All companies have close linkages between the enterprise’s social structures and the communication models adopted. Elanco is no exception. Whether the connection attempts constitute of relatively organized efforts to move information from one party to another or is a more informal means of constructing and conveying meaning, the social structures in place are necessary. Recent advances in technology have led to the prevalence of the use of digital and social media in communication. In line with these changes, Elanco needs to implement a noticeable shift in its communication to adapt to the current state. The first key change is a change in emphasis to the influence the communication achieves over its coverage area. As social communication becomes the norm, organizations have to evolve to accommodate the change or perish. In the increasingly social world of communication, the ultimate goal of a campaign is no longer great coverage but the influence (Safko and Brake 2009, 43). Instead of attempting to reach a wider audience, targeting should be used to ensure the right people are reached at the right time and in the right way. The second significant shift involves the making both parties in the communication approachable. Successful organizations do not adhere to the old pyramid structure where employees were confined to silos that rendered other staff in different silos unreachable (Van den Brink 2012, 728). Elanco’s employees should be connected to and able to reach any other individual within the organization. The final shift is the integration of measurement in communication strategy. With the advent of digital and social analytics, the communication process of an organization can be studied to ensure that the communique has sufficient reach, and the message has reached the intended target (Silverman 2006, 45). Elanco can apply these and similar tools to ensure they have the desired range in each communication attempt.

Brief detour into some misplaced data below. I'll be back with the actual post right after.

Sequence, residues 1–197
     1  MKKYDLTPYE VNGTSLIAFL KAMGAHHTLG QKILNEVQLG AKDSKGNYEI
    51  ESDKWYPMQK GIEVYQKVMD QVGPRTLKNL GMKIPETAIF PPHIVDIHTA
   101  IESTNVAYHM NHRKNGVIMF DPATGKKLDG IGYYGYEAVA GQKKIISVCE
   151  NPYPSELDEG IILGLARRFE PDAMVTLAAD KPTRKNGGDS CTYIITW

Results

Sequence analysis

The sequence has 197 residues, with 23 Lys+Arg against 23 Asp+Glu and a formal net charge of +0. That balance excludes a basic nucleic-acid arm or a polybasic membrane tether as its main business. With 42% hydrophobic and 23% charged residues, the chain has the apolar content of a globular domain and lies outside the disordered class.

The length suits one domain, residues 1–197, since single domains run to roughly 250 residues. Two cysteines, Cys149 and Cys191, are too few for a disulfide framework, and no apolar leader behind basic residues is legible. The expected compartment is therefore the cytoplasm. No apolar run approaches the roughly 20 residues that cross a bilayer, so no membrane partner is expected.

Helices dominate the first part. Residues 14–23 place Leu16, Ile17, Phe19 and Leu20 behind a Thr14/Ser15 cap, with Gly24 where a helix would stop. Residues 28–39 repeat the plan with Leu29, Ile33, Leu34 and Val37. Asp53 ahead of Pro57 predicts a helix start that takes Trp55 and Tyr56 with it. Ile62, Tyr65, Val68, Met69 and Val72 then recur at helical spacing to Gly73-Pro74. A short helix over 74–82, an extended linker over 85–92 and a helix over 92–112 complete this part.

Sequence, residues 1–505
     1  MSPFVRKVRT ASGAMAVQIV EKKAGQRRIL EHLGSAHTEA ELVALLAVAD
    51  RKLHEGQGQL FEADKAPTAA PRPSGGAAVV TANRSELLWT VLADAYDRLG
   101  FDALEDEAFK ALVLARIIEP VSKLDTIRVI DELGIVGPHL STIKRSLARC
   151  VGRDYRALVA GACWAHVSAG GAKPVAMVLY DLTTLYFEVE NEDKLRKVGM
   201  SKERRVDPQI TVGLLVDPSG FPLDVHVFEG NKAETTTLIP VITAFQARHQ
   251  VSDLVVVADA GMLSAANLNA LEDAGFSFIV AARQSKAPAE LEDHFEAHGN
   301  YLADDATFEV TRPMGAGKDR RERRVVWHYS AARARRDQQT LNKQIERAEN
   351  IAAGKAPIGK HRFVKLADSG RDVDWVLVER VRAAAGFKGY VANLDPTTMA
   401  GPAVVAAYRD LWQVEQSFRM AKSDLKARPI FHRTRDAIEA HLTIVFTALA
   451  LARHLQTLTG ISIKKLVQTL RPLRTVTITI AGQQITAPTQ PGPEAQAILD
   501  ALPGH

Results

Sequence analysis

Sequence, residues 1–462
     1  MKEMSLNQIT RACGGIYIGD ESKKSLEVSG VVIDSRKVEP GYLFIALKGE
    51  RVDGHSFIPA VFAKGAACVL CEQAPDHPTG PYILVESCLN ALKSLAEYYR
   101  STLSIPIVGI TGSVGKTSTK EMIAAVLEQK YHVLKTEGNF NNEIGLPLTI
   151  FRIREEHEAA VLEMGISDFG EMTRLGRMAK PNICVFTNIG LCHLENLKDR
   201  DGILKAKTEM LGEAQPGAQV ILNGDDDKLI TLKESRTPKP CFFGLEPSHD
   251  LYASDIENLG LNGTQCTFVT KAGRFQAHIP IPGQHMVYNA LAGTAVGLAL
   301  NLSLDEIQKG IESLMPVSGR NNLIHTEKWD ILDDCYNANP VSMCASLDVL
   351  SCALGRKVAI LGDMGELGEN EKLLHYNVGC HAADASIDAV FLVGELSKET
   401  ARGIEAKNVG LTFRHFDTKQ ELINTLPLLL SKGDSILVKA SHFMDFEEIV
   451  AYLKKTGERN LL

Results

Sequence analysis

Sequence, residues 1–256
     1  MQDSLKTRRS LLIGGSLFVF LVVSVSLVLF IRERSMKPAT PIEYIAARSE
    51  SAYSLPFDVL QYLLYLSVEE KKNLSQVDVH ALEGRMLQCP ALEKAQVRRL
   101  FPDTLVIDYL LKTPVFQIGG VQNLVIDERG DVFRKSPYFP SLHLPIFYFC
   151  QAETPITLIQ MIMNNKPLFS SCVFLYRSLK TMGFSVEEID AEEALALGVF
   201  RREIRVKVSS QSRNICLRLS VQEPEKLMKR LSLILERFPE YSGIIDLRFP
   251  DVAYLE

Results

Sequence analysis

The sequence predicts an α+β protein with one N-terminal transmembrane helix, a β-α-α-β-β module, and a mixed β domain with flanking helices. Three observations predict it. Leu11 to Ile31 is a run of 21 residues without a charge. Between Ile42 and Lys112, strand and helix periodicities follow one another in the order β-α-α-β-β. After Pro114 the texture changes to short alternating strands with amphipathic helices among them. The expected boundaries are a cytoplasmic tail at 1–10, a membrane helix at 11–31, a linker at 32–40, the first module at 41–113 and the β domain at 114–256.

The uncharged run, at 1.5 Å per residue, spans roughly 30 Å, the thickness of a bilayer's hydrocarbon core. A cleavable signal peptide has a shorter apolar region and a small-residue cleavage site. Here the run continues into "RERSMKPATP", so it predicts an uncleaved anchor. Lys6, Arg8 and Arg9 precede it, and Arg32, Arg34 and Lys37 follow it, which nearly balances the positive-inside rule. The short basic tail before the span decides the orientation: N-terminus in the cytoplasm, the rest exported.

In conclusion, Elanco employs two communication models when passing information up and down the organization. While the communication models employed by Elanco have had relative success in their implementation and hence their ability to pass along the relevant information, there are still ways in which they could be improved. One broad level intervention would be the crafting of a corporate communications strategy that is more responsive to the environment in which the organization exists. Such a strategy should analyze internal company structures while identifying and accommodating the company’s publics and stakeholders. Moreover, Elanco should emphasize influence over coverage in communication, break down functional silos that make management unreachable to their staff. Also, the use of analytics and other metrics that can check for the effectiveness of each communication should be applied. In this, the communication process will be vastly improved.

References

Baron, R.A., Greenberg, J., DeNisi, A.S. and Goddard, R., 1990, Behavior in organizations: understanding and managing the human side of work, Boston: Allyn and Bacon.

Demange, G., 2004, “On group stability in hierarchies and networks”, Journal of Political Economy, vol. 11, no. 4, pp. 754-778.

Elanco, 2016, Integrity. Excellence. Respect for people.

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Elanco.com. Available at: https://www.elanco.com/careers/index.aspx [Accessed 21 Jan. 2016].

Great Places to Work, 2016, Elanco Animal Health. [Online] Reviews.greatplacetowork.com. Available at: http://reviews.greatplacetowork.com/elanco-animal-health-us [Accessed 21 Jan. 2016].

Griffin, E. 2012, A first look at communication theory. Boston: McGraw-Hill.

Hart, O. and Moore, J., 2005, On the design of hierarchies: coordination versus specialization, (No. w7388). National Bureau of Economic Research.

Larson, E.W. and King, J.B., 1997, “The systemic distortion of information: An ongoing challenge to management”, Organizational Dynamics, vol. 24, no. 3, pp.49-61.

Miller, K., 2004, Communication theories: Perspectives, processes, and contexts, McGraw-Hill Humanities/Social Sciences/Languages.

Safko, L. and Brake, D. 2009, The social media bible, Hoboken, N.J.: John Wiley & Sons.

Silverman, D., 2006. Interpreting qualitative data: Methods for analyzing talk, text, and interaction. Sage.

Steyn, B., 2000, “Model for developing corporate communication strategy”, Journal for Communication Sciences in Southern Africa, vol. 19, no. 2, pp.1-33.

Van den Brink, R 2012, “On Hierarchies and Communication”, Social Choice And Welfare, vol. 39, no. 4, pp. 721-735, EconLit with Full Text, EBSCOhost, [21 January 2016].

Widhiastuti, H., 2013, “The Effectiveness of Communications in Hierarchical Organizational Structure”, International Journal of Social Science and Humanity, vol. 58, no. 3, pp.185-190.